States are ill equipped to detect and report food stamp fraud in the digital age, including attempts to sell benefits for cash, alcohol and other services, a new report says.
Much of the fraud occurs through social media and e-commerce websites such as Craigslist, the investigation by the Government Accountability Office found.
The GAO reviewed state and federal efforts to address fraud committed by recipients of food stamps, officially called the Supplemental Nutrition Assistance Program, which falls under the U.S. Department of Agriculture. The report noted:
The Office of Management and Budget has designated SNAP as a high-error program due to the estimated dollar amount in improper payments for fiscal year 2013.
In fiscal 2013, SNAP provided over $76 billion in benefits designed to help about 28 million Americans purchase food. On average, recipient households received about $275 a month in assistance.
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In the review, investigators discovered online postings of SNAP recipients offering the program’s Electronic Benefit Transfer (EBT) cards in exchange for other good and services. EBT cards operate like debit cards and require a pin number for access to benefits.
Examples of fraud identified in the report include:
- Nov. 29: “iPhone 5 black cracked screen works fine…purchase date of july 2013 so there is still Apple warranty…$350 or best offer…Trades for…Ebt card…”
- Dec. 2: “65 food stamps for $30 cash: Really need cash money for the other half of my phone bill…let you use my card and give the pin number…”
- Dec. 18: “Art for EBT: $10-$3,000”
- Dec. 19: “Catalytic converters for food stamps”
The misuse of food stamp benefits has been a “long-standing concern,” the GAO report says, while “technology has provided additional opportunities to commit and combat such activities.”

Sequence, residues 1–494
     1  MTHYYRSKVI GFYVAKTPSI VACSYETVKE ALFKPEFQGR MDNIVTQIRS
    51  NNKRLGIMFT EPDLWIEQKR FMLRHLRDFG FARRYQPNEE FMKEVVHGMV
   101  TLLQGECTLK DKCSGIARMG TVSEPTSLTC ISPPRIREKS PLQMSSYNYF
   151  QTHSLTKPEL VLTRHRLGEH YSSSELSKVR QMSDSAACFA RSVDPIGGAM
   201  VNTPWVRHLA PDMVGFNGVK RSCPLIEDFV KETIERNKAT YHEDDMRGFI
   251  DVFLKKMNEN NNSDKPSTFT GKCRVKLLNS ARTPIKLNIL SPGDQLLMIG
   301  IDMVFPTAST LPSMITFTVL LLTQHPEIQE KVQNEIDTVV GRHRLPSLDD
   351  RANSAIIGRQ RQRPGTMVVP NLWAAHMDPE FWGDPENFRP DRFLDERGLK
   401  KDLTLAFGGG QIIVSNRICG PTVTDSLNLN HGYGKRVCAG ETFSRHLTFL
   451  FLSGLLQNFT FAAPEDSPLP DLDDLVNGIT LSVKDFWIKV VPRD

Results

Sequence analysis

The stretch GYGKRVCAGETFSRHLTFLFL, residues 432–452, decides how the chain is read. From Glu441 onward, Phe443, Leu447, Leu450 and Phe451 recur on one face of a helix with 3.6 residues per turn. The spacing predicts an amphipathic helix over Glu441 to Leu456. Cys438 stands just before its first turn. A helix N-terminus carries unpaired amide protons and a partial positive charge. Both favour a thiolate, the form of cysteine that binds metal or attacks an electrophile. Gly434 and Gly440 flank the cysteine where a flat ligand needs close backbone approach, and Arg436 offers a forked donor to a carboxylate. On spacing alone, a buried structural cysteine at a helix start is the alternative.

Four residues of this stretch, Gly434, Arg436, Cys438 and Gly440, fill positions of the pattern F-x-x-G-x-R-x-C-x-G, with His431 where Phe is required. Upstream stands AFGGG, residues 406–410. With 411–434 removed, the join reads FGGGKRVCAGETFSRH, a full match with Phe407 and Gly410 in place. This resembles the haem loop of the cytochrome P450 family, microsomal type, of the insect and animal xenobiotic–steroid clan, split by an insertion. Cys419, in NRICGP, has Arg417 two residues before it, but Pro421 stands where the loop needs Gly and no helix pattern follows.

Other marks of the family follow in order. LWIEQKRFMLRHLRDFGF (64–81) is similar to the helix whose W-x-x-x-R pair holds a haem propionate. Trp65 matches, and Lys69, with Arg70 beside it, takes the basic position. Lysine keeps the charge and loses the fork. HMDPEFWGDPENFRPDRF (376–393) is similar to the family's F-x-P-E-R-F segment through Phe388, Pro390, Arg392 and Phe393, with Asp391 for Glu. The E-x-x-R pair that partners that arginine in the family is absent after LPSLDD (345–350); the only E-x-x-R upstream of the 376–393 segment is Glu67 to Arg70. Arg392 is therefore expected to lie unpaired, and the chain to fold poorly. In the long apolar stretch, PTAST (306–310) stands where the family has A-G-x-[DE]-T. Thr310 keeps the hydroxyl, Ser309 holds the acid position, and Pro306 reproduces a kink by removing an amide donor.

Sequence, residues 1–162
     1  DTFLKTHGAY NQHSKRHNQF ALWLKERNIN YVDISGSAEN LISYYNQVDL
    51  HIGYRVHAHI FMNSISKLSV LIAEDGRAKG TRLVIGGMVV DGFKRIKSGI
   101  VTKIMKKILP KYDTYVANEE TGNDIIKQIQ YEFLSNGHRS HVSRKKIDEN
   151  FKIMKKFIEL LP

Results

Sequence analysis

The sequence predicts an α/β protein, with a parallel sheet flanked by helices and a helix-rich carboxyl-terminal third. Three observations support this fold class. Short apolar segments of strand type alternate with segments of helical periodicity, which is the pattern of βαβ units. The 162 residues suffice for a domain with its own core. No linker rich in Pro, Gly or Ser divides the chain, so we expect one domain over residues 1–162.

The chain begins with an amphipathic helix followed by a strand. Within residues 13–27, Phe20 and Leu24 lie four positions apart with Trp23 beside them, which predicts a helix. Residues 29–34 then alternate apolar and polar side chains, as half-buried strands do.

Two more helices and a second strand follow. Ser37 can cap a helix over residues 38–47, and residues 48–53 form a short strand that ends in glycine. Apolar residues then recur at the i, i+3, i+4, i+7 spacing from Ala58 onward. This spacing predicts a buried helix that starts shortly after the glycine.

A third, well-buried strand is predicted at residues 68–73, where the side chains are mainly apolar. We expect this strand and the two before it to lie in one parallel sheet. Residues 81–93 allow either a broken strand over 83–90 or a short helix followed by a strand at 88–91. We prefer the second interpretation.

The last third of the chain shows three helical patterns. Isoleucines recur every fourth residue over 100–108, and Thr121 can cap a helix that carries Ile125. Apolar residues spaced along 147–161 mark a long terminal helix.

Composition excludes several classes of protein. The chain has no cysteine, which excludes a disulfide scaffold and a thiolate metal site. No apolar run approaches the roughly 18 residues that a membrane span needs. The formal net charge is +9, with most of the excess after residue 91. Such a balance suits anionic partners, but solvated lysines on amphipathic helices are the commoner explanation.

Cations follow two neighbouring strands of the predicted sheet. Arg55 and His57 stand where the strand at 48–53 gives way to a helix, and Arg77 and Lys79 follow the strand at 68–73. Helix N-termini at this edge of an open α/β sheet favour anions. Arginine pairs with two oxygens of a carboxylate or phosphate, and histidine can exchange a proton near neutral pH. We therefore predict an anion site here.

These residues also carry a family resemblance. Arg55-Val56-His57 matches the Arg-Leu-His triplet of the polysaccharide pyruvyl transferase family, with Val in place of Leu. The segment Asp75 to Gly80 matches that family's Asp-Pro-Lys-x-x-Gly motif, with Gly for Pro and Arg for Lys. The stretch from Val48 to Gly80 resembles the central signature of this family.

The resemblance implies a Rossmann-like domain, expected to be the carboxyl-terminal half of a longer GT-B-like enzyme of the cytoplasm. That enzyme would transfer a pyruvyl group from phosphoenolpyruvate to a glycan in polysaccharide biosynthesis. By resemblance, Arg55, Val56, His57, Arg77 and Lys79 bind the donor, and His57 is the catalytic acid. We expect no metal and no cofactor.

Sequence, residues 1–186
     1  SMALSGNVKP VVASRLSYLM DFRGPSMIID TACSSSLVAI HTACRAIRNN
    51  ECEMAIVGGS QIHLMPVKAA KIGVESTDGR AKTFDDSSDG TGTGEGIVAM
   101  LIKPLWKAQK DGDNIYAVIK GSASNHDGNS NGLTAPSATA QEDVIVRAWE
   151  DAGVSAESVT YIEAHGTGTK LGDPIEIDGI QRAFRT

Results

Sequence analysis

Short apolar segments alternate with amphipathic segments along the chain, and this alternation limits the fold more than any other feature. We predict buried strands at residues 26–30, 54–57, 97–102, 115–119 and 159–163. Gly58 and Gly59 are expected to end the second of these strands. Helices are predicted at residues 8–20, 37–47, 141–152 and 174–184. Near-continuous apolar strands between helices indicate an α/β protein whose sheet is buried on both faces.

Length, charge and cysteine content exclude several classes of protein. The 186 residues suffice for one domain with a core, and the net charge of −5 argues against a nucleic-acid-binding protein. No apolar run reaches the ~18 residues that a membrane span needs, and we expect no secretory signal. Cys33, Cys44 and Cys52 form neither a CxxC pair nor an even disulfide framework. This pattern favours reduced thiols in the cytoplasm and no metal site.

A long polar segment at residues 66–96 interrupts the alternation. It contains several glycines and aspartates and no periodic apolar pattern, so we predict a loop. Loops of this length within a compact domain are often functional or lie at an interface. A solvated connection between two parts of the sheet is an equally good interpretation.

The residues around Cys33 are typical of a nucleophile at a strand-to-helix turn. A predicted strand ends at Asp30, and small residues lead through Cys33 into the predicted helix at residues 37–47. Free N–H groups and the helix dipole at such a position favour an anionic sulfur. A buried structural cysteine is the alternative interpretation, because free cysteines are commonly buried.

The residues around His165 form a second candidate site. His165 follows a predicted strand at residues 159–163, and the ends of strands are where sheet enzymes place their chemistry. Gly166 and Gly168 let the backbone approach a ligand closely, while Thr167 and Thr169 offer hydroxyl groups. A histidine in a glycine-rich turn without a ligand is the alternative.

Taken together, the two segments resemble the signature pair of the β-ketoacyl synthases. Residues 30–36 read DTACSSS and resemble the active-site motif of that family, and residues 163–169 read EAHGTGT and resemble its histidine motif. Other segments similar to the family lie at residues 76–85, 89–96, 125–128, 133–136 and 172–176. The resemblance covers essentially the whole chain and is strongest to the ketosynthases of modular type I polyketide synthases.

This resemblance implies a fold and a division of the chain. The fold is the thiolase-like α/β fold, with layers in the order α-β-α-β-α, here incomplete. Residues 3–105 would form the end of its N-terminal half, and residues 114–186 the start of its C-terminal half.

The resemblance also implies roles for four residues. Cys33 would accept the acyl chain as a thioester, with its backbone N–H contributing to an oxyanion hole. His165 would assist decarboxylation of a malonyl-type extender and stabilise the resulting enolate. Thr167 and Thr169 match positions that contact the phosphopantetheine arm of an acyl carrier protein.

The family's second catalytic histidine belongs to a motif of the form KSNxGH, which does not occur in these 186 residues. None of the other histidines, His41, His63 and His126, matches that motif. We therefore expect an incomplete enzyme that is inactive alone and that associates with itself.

Rachel Sheffield, a policy analyst at The Heritage Foundation, said food stamp fraud actually is on the decline and the greater problem is the headlong increase in food stamp spending and recipients. She told The Daily Signal:
Food stamps overall is in major need of reform. It is one of the largest welfare programs and has grown rapidly over the last decade.
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GAO studied fraud in Texas, Florida, New Jersey and eight other states, selected based on the number of household recipients and other criteria.
Most of the selected states reported difficulty conducting fraud investigations because of limited staff and the growing number of recipients. Also, once state agencies identify fraud, they have difficulty prosecuting recipients and recovering overpayments.
“Some state officials suggested changing the financial incentives structure to help support the costs of investigating potential SNAP fraud,” the report said.
The report, published Aug. 21 and titled “Supplemental Nutrition Assistance Program: Enhanced Detection Tools and Reporting Could Improve Efforts to Combat Recipient Fraud,” calls for the Agriculture Department’s Food and Nutrition Service to:
- Explore ways that federal financial incentives can better support cost-effective anti-fraud activities by states.
- Establish more guidance to help analyze transaction data to identify food stamp households that obtain replacement cards for potential misuse.
- Reassess the effectiveness of the current guidance and tools recommended to states for monitoring e-commerce and social media websites.
- Offer assistance and training to enhance the consistency of what states report about anti-fraud activities.
Most importantly, Sheffield said, food stamps should be reformed to promote self-sufficiency through work:
Able-bodied adults should be required to work, prepare for work, or look for work in exchange for receiving assistance. This would change food stamps from a one-way handout to a program based on reciprocal obligation.
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